CAN VOLUNTEERING CAUSE HAPPINESS?
The answer from many, many experts is …YES!
As His Holiness, the 14th Dalai Lama says regarding happiness:
It is this pattern of thought, transforming problems into happiness that has enabled the Tibetan people to maintain their dignity and spirit in the face of great difficulties. Indeed, I have found this advice of great practical benefit in my own life.
(Tenzin Gyatso, 14th Dalai Lama (HHDL), Dec. 31, 2010)
What is so special about volunteering that causes happiness? In my mind, it is a space to immerse myself in the happiness and freedom of just taking care of the person in front of me. That’s it! My simple happy place. Without the interference of profit motives, production quotas, insurance directives, administrators, and paperwork (i.e. EHRs/EMRs), it can be a pure space of possibility. I think that when you remove those energy-zapping constraints, you find the quiet – like a clearing. This clearing of the mind is where we can connect deeply with our fellow human being. In this quiet sacred clearing, both patient and physician can be transformed. When given a space to simply use skills to help others, renewal and rekindling of that deep sense of fulfillment that has such a quiet voice, compared to the barrages of external demands, is allowed and wholly appreciated. I posit that, in this volunteer-altruistic space, we can return to loving our patients, our team, our profession, and most of all, ourselves. As the fog of an overworked and overstressed mind lifts, we find the space for love.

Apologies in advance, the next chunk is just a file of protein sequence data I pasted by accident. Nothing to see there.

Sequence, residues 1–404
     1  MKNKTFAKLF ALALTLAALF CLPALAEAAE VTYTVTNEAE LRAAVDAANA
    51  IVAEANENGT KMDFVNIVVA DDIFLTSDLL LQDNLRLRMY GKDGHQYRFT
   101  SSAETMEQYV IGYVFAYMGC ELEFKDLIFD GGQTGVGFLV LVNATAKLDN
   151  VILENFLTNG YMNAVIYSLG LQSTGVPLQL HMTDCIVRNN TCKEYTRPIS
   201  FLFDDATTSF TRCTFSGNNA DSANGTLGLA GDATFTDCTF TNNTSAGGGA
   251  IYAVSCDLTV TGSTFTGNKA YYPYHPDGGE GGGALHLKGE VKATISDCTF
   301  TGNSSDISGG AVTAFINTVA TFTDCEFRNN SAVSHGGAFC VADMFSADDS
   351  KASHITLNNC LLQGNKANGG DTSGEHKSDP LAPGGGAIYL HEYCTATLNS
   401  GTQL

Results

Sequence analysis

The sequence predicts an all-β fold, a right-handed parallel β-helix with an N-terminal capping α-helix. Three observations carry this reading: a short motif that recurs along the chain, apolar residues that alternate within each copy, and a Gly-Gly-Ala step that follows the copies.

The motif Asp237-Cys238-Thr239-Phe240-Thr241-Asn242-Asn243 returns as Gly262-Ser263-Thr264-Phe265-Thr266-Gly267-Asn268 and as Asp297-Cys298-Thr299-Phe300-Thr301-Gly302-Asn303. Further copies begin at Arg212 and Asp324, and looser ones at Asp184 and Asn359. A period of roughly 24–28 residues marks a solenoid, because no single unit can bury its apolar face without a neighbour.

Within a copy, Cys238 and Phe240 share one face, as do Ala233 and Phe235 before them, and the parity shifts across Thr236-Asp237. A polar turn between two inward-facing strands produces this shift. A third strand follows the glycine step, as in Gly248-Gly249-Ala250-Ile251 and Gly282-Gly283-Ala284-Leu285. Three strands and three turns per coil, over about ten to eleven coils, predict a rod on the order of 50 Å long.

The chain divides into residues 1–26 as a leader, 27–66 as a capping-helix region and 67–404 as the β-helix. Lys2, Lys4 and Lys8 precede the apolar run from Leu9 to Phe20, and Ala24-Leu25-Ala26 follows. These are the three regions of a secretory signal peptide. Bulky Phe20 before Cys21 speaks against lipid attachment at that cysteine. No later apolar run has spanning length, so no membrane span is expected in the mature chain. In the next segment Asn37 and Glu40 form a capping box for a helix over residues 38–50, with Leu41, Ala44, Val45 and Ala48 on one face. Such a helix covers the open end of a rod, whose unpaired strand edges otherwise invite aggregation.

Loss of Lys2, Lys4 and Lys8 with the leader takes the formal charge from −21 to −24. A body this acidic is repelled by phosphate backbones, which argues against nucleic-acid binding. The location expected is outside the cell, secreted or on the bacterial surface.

Through my trips to the Himalayas, I was able to reclaim my love of practicing medicine. I only wish I had done something similar earlier in my career. Would it have staved off exhaustion and depression? I don’t know, but I do know that meeting others in the space of altruism and compassion is a gift beyond measure. The community of like-minded and positive people alone was healing. Colleagues, I don’t know where you are in your career, but I do know that love and fulfillment is everything in life. If you are unhappy, on the edge, depressed, frustrated with medicine, or thinking of a career change, I highly recommend finding your heart’s passion. Reclaim the very reasons you went into medicine. Connect with others who are similar caring people. Have an adventure to get some perspective on “regular life”. There are many opportunities, and I am happy to talk to anyone that is interested in finding such an opportunity and needs resources. Take the time. Get perspective. Re-juice. Get your mojo back. Discover your muchness again. You owe it to yourself and to your patients!
His Holiness also says:
“If you want others to be happy, practice compassion.
If you want to be happy, practice compassion.”
Doing what is fulfilling and feeds your soul is practicing compassion. Some of us just take a while to figure that out!
“The more you are motivated by Love, the more fearless and free
your action will be.”
Blessings and Happiness,